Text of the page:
Your baby doesn’t sleep well? Train her.
Your baby explores his surroundings as he grows? Better make your house baby-proof. If he bumps his head, you better believe a stranger at the park will consider if you’re an unfit mother or father.
When babies become toddlers, outside pressure really amps up. They become capable of making questionable choices like repeating the curse word an exhausted caretaker occasionally mutters in despair, and running away screaming in public, and hitting, and throwing things, and knocking down grocery store displays while shouting, “Mommy is a monster!” If you somehow escaped the need to control him before, now you are actively ruining thirty seconds of someone else’s leisurely stroll through Target, so. Throw your body on the bomb if you must, just contain it. Do not under any circumstances allow your child to spill over the lines of appropriate public behavior, even if his prefrontal cortex is not yet developed enough for him to regulate his actions perfectly, even if it means you have to short-circuit his meltdown by any means possible rather than using it as a teachable moment, even if you have no idea what factors conspired to create this embarrassing and uncomfortable situation and could not have prevented it. Her behavior is basically your behavior. You are inseparable, just as when you contained her in your womb. (Have you tried just putting her back in there for a while, just til she cools off?)
I’ve seen comments on Facebook, mostly from people who don’t have children, like, “If the parents spanked the kid, that would never happen.” I choose not to spank my child, though I wouldn’t dismiss it as one aspect of discipline for other families. The problem is what this comment is predicated on, the assumption that there is one reliable and totally effective way to control a kid. But let me say this again: we cannot control 100% of our kids’ behavior. And we shouldn’t be trying to. We need to feel less pressure to shut down our children and more support from those around us to sit in the discomfort of their behavior and teach them how to be mindful of themselves and those around them.
Thinking of babies and kids as an extension of ourselves — our manners, our unsightly excess — forces us to live a lie and sets us up to fail spectacularly. If we think we can control them, what does it say about us when they act in ways we don’t like? Are we bad parents? Are we failures? And I mean this on a deep, identity level, where we assess our value. Should we take more extreme measures to demonstrate our control in other areas, exercising to excess, cleaning to excess, dieting rigidly? This lie of control forces some of us to stay home, exacerbating depression. It forces some of us to raise our kids under the constant threat of exposure, in a constant state of anxiety, thus teaching them the same ways of being in the world. We make our lives as small as possible because there is less that can go wrong that way. But it still goes wrong. It still goes wrong.
Parents, I feel you in this struggle to raise healthy, mindful, respectful children. I’m sorry I ever expected control from you. I won’t anymore, and I hope others won’t either.
I took my two-year-old for a well visit today. I always get kind of anxious during the part where the nurse asks questions about development. Does he throw a ball? Does he respond to his name? I can’t explain why, but I always have this minor fear that he won’t be doing something “normal,” like that time she asked if he blows kisses at nine or twelve months, and I thought, I’ve never blown a kiss to him! How would he know that?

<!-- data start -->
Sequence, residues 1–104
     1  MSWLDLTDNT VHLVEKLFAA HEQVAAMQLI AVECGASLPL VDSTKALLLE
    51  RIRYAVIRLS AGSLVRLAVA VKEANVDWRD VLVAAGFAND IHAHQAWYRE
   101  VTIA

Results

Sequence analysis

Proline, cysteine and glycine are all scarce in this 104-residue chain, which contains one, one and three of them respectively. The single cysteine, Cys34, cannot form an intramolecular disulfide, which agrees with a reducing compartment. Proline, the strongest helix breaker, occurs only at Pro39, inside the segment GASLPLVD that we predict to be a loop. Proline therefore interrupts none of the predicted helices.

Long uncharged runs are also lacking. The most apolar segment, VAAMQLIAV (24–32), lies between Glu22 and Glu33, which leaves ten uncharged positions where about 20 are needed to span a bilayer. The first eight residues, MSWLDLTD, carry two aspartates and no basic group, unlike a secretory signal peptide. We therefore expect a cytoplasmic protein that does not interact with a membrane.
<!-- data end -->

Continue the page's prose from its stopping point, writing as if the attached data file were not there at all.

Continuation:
Maybe this explains why I became a smug little shit when she asked, “Does he know fifty words?” and “Does he put two words together?” I made this little sound, a kind of righteous scoff, and told her, “He uses coordinating conjunctions. So yeah.”
He is “perfectly normal,” the doctor said of his height and weight. Which is what every parent basically wants to hear, at least as a baseline. He is right at the 50th percentile, not extraordinarily tall or short.
During the whole visit, my kid said only one word: No.
I used to bristle when people assumed, because he doesn’t say hello or goodbye on command and gives strangers a death stare, that he wasn’t talking yet. At home, with people he knows, he talks a lot. He uses compound-complex sentences. He knows the names of at least as many kitchen gadgets as I do. He can identity about fifty animals, maybe more. After reading a book a couple times, he starts filling in end rhymes.
A woman in the waiting room spoke up during a lull while my kid was sitting in every chair in the waiting room to say, “I don’t even know why people get Dr. Seuss books for little kids. They’re so long. No two-year-old has that attention span.” And I nodded and said, “Oh, for sure.” I didn’t say my kid regularly requests The Cat in the Hat, two or three times in a row.
When I take him shopping, if we pass close to another shopper, he says, “Oh, sorry.”
I am always apologizing. I see that with clarity now.
When my kid talks to his stuffed animals, he says, “Aw, what’s wrong? Are you okay?” He tells me, out of the blue sometimes, “I’m okay. I’m okay.”
I get anxious about the nurse’s development questions because I feel like a “wrong” answer is a reflection of me, of my parenting. What if he can’t really jump off the ground? What does that say about me? Should I be creating obstacle courses to foster jumping? Should I bring him around other kids who jump? Should we read books about jumping? It’s exhausting.
At the end of the interrogation, I get to say, “Oh, he knows much more than fifty words. He uses coordinating conjunctions.” So there.